Warring healthcare giants UPMC and Highmark Inc. today joined forces to ask U.S. District Judge Joy Flowers Conti to dismiss an antitrust lawsuit accusing them of conspiring to stifle competition and raise rates.
"I find myself in the strange position of agreeing with Highmark this afternoon," said attorney Leon F. DeJulius, representing UPMC.
Royal Mile Co. and three other plaintiffs have sought class-action status to represent the clients of the dominant regional insurer and health care system and allege that they used their near-monopoly status to inflate rates.
Attorneys for both UPMC and Highmark argued that case law bars the antitrust claims because the insurance premiums in question were filed with the Pennsylvania Insurance Department.
The Supreme Court has held that when a regulatory body has approved a rate, it can't be used as the basis for antitrust damages.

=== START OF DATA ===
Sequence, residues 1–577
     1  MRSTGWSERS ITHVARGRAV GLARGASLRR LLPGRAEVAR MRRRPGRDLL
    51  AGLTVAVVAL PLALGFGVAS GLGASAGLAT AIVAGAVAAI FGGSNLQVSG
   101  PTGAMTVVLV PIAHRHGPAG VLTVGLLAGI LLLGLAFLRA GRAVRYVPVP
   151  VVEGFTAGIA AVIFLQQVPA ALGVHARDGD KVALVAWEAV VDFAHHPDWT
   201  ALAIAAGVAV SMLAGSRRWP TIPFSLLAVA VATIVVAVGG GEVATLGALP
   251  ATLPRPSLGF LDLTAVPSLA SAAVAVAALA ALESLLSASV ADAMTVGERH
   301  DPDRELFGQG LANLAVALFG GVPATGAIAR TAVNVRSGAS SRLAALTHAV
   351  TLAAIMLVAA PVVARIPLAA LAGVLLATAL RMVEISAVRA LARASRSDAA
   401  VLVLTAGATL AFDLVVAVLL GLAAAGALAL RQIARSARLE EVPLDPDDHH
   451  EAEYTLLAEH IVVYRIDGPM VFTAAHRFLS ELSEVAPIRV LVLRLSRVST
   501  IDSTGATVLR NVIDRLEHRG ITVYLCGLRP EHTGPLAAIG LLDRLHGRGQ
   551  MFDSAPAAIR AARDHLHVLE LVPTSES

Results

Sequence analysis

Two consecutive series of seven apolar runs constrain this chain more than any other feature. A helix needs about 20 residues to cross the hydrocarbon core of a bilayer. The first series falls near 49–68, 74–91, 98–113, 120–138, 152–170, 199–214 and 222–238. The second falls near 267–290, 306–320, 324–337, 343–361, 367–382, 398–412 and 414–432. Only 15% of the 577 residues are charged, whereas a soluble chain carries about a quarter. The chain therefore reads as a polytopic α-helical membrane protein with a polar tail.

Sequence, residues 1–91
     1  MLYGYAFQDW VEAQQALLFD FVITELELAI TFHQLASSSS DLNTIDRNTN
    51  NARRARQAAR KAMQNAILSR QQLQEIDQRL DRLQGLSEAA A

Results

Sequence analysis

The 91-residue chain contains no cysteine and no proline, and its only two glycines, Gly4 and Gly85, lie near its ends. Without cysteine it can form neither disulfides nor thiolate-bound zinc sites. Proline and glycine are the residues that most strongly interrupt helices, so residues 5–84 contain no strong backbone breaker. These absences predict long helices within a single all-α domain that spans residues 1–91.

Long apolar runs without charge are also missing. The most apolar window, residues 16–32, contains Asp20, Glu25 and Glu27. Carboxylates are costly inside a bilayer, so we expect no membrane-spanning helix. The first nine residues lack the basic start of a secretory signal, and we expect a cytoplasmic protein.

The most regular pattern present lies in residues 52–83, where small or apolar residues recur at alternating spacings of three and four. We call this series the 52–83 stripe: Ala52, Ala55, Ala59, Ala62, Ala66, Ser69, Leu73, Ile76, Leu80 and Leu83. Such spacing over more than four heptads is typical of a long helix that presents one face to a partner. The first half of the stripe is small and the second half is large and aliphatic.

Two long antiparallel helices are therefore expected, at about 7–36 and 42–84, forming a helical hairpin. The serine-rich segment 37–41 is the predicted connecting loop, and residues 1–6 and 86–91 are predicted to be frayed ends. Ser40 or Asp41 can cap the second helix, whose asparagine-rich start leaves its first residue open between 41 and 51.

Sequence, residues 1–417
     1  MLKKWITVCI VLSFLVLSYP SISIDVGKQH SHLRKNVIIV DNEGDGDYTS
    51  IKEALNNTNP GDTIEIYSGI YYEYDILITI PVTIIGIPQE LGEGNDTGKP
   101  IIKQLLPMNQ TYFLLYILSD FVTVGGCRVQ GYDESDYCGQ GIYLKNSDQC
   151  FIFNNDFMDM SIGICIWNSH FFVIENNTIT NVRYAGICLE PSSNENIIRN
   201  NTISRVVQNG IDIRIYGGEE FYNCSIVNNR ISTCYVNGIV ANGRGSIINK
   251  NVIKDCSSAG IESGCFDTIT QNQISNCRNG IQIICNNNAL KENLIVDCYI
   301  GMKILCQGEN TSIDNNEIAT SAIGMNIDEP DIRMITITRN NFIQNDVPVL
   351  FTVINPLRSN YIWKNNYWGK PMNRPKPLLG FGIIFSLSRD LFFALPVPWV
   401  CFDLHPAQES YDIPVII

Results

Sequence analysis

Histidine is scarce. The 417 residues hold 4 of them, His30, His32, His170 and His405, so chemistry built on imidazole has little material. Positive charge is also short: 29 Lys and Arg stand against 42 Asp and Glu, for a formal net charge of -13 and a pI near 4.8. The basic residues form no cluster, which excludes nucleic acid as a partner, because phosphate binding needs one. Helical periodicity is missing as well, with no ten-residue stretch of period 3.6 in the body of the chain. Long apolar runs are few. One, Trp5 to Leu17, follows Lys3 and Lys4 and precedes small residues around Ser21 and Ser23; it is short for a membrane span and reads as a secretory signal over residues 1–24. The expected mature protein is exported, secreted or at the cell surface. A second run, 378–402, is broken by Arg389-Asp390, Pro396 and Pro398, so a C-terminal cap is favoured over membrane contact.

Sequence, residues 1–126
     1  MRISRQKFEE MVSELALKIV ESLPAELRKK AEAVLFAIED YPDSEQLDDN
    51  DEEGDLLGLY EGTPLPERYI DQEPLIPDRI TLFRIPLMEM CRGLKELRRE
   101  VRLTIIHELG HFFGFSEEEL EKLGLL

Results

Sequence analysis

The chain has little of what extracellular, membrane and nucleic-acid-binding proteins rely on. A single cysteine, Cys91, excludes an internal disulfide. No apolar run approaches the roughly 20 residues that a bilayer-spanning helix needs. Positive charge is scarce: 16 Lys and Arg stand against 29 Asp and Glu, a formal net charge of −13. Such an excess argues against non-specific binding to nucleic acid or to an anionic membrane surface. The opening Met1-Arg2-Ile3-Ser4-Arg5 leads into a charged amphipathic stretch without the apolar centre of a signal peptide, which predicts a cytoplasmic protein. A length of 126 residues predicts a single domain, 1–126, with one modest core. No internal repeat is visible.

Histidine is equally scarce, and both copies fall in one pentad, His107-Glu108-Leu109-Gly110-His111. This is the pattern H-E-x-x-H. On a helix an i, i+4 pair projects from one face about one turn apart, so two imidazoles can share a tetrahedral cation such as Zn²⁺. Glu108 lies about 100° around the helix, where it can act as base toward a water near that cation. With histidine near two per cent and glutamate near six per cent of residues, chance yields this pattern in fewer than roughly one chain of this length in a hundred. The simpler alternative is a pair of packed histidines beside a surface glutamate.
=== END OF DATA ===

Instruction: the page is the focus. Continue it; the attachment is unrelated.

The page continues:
Attorney Hamish Hume, representing Royal Mile and the other plaintiffs, countered that the department didn't approve specific rates but rather allowed Highmark to charge premiums 15 percent above or below an approved amount.
He said Highmark and UPMC kept competitors out of each others' respective spheres, so an antitrust action is appropriate.
Highmark attorney Margaret Zwisler said UPMC really controlled competition in the local insurance market by deciding with whom it would contract.
Judge Conti invited the parties to submit supplemental briefs before she decides whether to dismiss the case.
Rich Lord: firstname.lastname@example.org, 412-263-1542 and on Twitter: @richelord.